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The time hasn’t come for David Ortiz. The time has come for Clay Buchholz.

At some point, John Henry, Tom Werner, and Dave Dombrowski will have to have a conversation with Ortiz about not retiring. At some point, the same Red Sox brass is going to have to have a conversation about dealing Clay Buchholz.

Ortiz continued his phenomenal stretch in what he says is his final year. He tied Saturday’s game in the ninth with a scorching triple off Luke Gregerson. He won the game in the 11th with a scorching double against Michael Feliz. He’s hitting .320 and has knocked in 33 runs. His third-inning homer gave him 11. He fell a single shy of the cycle. Ortiz left without speaking to the media because he had to rush to his daughter’s birthday party. But he did all of his talking on the field.

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As poor a season as Buchholz has had, give him this: He gave the Red Sox a chance to come back. After allowing five runs in the first two innings, he shut the door for four innings following George Springer’s grand slam.

Nobody felt worse after the 6-5 victory than Buchholz. He spoke of being frustrated.

“I have to do a better job in the first two innings minimizing damage. Two walks right there [in the second] really hurt,” Buchholz said. “It’s got me scratching my head and then I didn’t give up anything for four innings.”

And the scouts in the stands took note. Buchholz still has trade value.

There are teams already looking for their next starting pitcher acquisition and, believe it or not, Buchholz catches their eye. It’s not because of the ballooning ERA (6.11) or the struggles he’s had, it’s for the stuff he has and the fact that he’s perfectly capable of going on a good run.

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You’re not going to get a haul of great players for him, but he’s not untradeable.

It’s time for a change of scenery for Buchholz.

Maybe it’s just been too long here.

The Red Sox probably could have moved him this offseason, but Dombrowski probably had enough people in the organization telling him that Buchholz was on the verge of putting it all together. And so the team traded Wade Miley instead and picked up the $13 million option.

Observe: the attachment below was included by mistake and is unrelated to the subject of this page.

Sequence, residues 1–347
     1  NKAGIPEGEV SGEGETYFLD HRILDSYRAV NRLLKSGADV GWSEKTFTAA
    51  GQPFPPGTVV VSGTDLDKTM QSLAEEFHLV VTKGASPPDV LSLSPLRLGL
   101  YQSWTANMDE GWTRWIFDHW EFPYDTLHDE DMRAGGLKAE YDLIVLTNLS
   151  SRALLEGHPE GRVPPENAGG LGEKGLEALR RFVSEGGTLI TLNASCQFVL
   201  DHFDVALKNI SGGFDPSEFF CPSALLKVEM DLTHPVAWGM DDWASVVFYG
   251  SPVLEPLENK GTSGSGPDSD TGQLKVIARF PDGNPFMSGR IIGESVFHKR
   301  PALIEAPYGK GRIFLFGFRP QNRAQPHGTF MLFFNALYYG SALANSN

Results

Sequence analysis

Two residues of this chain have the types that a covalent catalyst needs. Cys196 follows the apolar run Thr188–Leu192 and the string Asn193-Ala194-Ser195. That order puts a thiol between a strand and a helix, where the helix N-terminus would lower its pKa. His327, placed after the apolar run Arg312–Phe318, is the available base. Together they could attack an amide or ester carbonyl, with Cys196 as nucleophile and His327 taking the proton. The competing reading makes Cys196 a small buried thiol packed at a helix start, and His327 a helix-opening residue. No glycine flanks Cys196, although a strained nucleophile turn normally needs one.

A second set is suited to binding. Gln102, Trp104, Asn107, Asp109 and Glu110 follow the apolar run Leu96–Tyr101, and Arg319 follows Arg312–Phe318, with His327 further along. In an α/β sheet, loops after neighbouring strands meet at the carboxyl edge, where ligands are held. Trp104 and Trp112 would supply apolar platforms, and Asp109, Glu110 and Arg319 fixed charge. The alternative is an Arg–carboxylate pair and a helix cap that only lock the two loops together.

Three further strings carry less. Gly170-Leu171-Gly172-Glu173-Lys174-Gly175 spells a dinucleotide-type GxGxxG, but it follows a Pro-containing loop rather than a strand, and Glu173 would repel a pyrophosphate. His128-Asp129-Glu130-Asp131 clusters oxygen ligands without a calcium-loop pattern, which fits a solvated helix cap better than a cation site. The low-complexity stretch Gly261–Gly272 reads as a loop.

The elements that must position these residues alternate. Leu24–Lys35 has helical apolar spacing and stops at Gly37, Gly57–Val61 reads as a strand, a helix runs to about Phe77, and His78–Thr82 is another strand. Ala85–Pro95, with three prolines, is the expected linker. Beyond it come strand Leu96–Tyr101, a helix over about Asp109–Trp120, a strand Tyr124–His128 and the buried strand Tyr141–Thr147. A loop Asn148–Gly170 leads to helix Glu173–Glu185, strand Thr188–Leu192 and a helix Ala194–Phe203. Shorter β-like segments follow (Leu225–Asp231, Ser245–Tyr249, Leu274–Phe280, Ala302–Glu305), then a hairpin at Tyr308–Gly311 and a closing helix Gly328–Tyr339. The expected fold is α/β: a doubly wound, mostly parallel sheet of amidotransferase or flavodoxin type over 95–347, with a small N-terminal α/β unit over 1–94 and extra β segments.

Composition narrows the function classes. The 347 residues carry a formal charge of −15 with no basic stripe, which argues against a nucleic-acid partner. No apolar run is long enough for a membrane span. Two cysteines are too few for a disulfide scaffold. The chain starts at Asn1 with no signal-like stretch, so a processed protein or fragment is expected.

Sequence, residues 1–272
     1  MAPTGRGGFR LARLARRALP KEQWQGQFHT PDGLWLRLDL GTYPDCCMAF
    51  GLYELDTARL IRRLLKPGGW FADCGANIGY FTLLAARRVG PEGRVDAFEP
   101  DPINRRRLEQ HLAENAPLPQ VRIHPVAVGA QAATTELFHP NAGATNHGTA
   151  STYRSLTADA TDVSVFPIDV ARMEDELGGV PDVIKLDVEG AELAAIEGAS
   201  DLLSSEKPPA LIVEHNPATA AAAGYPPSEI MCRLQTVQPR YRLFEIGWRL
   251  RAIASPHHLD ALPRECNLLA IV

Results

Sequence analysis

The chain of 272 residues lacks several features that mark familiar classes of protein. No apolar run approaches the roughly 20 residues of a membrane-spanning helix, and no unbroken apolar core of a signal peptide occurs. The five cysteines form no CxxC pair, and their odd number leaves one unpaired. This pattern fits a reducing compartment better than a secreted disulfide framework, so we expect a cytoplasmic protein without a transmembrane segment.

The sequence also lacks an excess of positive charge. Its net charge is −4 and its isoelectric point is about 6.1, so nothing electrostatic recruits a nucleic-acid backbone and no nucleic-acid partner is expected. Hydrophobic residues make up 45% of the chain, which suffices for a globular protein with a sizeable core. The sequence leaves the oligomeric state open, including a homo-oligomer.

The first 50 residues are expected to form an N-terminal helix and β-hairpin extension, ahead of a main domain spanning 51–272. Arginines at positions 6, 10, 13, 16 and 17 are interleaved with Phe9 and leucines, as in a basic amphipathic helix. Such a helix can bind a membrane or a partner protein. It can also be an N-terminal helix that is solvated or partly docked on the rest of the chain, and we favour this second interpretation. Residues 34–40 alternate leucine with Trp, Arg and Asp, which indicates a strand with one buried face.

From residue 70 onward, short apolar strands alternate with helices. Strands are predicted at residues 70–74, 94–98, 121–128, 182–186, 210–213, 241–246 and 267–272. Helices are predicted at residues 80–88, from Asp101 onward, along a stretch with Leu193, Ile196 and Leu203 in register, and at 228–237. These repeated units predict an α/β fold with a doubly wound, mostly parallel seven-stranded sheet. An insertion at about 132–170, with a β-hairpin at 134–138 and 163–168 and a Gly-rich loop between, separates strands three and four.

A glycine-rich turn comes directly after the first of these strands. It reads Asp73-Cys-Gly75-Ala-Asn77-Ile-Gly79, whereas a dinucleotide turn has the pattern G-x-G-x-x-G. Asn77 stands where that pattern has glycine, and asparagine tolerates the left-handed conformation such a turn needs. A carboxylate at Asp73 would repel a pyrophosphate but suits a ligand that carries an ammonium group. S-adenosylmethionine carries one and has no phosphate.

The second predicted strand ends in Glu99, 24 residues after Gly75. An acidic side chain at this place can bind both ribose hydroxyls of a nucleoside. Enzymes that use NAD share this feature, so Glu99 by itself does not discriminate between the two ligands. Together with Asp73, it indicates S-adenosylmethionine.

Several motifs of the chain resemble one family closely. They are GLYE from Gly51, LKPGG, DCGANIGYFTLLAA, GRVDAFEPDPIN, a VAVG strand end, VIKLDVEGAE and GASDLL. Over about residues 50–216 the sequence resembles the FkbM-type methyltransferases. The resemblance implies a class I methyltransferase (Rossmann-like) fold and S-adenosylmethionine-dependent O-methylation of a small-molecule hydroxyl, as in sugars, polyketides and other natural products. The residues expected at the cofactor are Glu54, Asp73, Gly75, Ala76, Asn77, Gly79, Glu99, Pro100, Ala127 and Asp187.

Buchholz isn’t a washout by any means. Scouts have seen him, evaluated him enough to know what he is. And while the perception has turned negative here, it’s not that negative around baseball.

Nobody watches Buchholz and says, “Man, has he lost it.” In fact, what they see is a talented pitcher who just can’t seem to put it together.

“He’s got great stuff,” said one American League scout who watched him Saturday. “He’d be on anyone’s list to acquire if he were made available.”

It seems Buchholz needs that next chance.

The Red Sox will have Eduardo Rodriguez and Joe Kelly returning to the active roster soon. Manager John Farrell has said there will be no six-man rotation in Boston’s future and, with off days coming up, it will be easy to kick Buchholz down the road and avoid starting him when his turn comes up.

The preference would be not to use Buchholz out of the bullpen simply because he’s never done it. And when you haven’t done it, there’s more of a propensity to get hurt. That’s the last thing the Red Sox want to do to Buchholz now.

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When teams see a pitcher of Buchholz’s caliber who earns a reasonable $13 million a year, that piques their curiosity, if not their interest. If he continues to pitch poorly, then it’s not a big risk to take. If he pitches well, they have a bargain.

That’s pretty much what went into Boston’s decision to pick up the 2016 option. They elected not to trade him because there’s a good streak waiting to happen.

Teams such as the Royals, Twins, and Angels, to name a few, are already looking. There’ll be only so many names to be had. If you had to pick names of pitchers you think will definitely be available, the two who come to mind are Atlanta’s Julio Teheran and San Diego’s James Shields. It doesn’t appear the A’s would part with struggling Sonny Gray yet, so the Red Sox find themselves in a good spot to deal someone such as Buchholz, especially if ace David Price has turned things around.

When Buchholz says it’s only a couple of bad pitches and one bad inning that’s causing his poor outings, he’s probably right. There seems to be a lack of concentration that slips in somewhere along the line and it winds up hurting him. But eliminate that bad concentration block and you’d have an entirely different outlook.

Buchholz, 31, is 75-54 in his career with a 3.95 ERA. He’s been a 17-game winner. He’s pitched a no-hitter. He’s a two-time All-Star. And he’s had some really impressive stretches.

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But it’s time for a change for both the team and for Buchholz.

As for Ortiz, there needs to be an intervention at some point. Tell teams to hold off on the gifts. He must be lured with a $20 million-plus contract, because if you’re thinking Pablo Sandoval is replacing Ortiz as the DH, you’re likely to be disappointed.

Ortiz is virtually irreplaceable, especially the one we’re seeing in the first six weeks.

It’s time to say goodbye. But not to Ortiz.


Nick Cafardo can be reached at cafardo@globe.com. Follow him on Twitter @nickcafardo.